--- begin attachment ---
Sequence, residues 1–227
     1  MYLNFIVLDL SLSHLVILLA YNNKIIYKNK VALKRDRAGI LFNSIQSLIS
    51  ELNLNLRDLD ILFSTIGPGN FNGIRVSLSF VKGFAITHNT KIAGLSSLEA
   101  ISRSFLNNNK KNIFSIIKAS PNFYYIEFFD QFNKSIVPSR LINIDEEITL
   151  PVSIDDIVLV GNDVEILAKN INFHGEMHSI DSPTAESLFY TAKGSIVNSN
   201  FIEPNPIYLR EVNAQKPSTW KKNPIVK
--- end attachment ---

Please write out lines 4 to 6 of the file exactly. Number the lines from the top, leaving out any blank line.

   101  ISRSFLNNNK KNIFSIIKAS PNFYYIEFFD QFNKSIVPSR LINIDEEITL
   151  PVSIDDIVLV GNDVEILAKN INFHGEMHSI DSPTAESLFY TAKGSIVNSN
   201  FIEPNPIYLR EVNAQKPSTW KKNPIVK